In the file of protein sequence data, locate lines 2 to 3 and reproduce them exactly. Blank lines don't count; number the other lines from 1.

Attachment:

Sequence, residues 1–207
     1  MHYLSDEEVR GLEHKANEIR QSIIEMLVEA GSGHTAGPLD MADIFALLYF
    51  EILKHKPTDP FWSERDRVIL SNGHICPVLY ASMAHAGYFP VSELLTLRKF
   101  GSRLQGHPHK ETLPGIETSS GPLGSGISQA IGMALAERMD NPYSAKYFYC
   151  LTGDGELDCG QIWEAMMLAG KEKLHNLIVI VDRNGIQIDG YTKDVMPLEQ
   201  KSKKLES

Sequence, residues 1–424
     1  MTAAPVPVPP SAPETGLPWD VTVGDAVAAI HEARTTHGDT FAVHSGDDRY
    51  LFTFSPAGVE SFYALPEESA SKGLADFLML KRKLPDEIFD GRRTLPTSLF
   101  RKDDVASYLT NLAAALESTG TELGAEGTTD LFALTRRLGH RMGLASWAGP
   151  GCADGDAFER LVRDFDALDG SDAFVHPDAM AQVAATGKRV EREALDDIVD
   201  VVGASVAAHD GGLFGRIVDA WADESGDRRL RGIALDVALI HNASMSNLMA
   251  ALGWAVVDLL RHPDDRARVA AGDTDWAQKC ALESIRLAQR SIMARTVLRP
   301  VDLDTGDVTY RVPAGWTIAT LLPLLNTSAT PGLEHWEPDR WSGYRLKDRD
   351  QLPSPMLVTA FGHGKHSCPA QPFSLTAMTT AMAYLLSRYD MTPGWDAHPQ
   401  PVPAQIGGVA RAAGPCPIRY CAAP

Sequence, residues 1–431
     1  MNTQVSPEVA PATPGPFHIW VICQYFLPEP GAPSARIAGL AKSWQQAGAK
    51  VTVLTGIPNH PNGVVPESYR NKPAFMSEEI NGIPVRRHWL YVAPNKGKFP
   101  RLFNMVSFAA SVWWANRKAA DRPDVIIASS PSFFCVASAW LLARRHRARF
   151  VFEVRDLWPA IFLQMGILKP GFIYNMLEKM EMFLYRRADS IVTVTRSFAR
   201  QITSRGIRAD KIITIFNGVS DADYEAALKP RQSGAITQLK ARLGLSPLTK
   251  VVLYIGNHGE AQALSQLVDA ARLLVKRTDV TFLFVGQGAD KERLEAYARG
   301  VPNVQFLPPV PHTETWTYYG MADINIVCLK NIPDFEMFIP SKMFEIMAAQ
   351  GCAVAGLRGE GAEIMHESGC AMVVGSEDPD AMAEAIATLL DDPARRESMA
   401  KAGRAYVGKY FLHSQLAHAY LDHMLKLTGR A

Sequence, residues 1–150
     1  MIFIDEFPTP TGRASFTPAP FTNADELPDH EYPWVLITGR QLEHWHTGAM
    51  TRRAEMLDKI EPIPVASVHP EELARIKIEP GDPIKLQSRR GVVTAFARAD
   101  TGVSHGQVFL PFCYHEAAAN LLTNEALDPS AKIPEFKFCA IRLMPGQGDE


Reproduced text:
     1  MHYLSDEEVR GLEHKANEIR QSIIEMLVEA GSGHTAGPLD MADIFALLYF
    51  EILKHKPTDP FWSERDRVIL SNGHICPVLY ASMAHAGYFP VSELLTLRKF